Think about what a camera really becomes when it no longer has to physically pan to capture. It's now just an infinite point. It does add another digital aspect with digital "rolls" (panning on a conventional camera) but thats small potatoes. It doesn't always need to be 360 either, you can also use techniques much like the cinerama and use arrays of anywhere from 3-7 cameras to create new looks that compliment the domes shape. 

 

 

There's an art to immersive spherical framing and camera position in it self, and new compositions and movements would evolve from the new shape. Composition is  perhaps even more important in an immersive environment. Also.. nobody has ever really invented a method that actually lets a  DoP function with the same flat surface rectangle frame principals. A lot of concepts are similar but there is an entire new frontier that would arise. Remember in 1903 when going in for a close up was such a big deal? It had never been done...but it worked so well. Now we can't imagine a film that doesn't use that technique. The same will happen in this situation someday. 

 

It doesn't HAVE to be a ride film. To think that cinema is condemned to one flat surface FOREVER is a good way to ensure cinema will disappear. Film is still in it's infancy.

 

 I'm convinced you can make a truly artful cinematic film for immersive theater. This is my current goal.  


Edited by Bar Solomon, 13 July 2013 - 07:52 PM.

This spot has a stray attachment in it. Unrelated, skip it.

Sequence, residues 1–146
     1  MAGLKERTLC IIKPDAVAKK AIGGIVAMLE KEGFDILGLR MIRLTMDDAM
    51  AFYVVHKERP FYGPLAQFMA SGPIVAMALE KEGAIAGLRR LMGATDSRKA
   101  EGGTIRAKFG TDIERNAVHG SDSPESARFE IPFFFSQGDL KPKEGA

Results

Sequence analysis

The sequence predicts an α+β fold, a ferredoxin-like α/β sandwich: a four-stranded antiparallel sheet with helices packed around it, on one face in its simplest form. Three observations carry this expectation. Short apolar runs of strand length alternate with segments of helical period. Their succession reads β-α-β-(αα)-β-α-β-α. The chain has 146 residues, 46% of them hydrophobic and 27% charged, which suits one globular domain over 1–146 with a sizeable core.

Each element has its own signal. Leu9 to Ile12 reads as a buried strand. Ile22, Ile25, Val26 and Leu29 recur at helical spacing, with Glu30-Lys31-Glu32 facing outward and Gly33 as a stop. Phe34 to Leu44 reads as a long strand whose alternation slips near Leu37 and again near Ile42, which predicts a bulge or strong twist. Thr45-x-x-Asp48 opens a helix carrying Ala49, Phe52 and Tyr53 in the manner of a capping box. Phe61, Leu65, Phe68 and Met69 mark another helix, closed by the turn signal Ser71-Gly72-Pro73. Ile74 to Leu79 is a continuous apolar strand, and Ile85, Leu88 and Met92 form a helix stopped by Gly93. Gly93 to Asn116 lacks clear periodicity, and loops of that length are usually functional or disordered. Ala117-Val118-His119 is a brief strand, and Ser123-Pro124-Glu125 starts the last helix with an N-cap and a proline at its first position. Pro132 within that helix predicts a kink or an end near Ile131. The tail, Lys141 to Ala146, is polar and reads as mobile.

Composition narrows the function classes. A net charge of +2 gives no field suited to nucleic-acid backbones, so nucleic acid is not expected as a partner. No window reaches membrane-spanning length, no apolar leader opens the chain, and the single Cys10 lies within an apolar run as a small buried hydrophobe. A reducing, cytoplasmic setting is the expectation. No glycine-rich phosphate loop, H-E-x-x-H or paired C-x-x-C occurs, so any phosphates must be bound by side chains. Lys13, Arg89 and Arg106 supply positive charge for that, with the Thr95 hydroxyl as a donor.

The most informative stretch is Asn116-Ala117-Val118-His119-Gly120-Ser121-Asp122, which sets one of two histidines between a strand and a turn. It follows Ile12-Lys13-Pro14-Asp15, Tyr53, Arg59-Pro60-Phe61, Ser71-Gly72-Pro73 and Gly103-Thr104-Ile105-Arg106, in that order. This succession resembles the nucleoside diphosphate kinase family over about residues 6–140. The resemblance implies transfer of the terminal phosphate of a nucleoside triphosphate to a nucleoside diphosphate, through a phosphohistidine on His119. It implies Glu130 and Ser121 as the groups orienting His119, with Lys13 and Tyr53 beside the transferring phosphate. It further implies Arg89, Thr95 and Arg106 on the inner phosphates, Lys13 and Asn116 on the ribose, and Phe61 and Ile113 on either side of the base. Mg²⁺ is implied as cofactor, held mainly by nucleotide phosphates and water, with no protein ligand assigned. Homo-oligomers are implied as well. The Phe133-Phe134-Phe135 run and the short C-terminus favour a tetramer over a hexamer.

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#4 George Ebersole

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Posted 14 July 2013 - 10:51 PM

I've never been in an omnimax, but I've been in an IMAX.  At one time it was my dream to shoot stuff on IMAX, but whatever.

 

I really liked IMAX, and always figured that that would be the movie going theatre experience of the future.  Here in the San Francisco Bay Area, and we're a major IMAX and film hub, there are about 11 or so, if you include the Great America IMAX theatre in the theme park.

 

There just don't seem to be that many of them, and my suspicion is that upcoming digital technology may give IMAX a run for its money.

 

I guess Omnimax is a different story.


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#5 Chris Husz

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Posted 15 July 2013 - 04:14 AM

Interesting topic. I do think that IMAX is the ultimate Resolution to a shrinking amount of audiences.
If Cinema really has to fight against home-Cinema again, the only Chance i can think of right now, is to be bigger and more immersive. Huge stuff like IMAX is pretty good for that.


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#6 Bar Solomon

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Posted 17 July 2013 - 03:45 PM

That's why I'm so interested and really think Immersive media will come into play. 

 

There's just so many things you can do with a standard square framed image and a flat screen. Even IMAX, I mean it's more immersive because it covers more of the visual field but I really think the only thing that will save big cinema from pirates is utilizing the most mind blowing immersive atmo(sphere) < ha

and making something that YOU CAN'T SEE AT HOME.

 

When everyone has a massive 4k display and surround sound, nobody will leave their couch. Even for dates. Whats better then having him/her already on your couch and watching a movie? Unless they can see something new. Dome and semi dome is the way. The fact that your rocked upwards is so relaxing and less of a strain, you can sit through a longer film laying this way and I'm convinced being off the normal axis helps suspend reality further.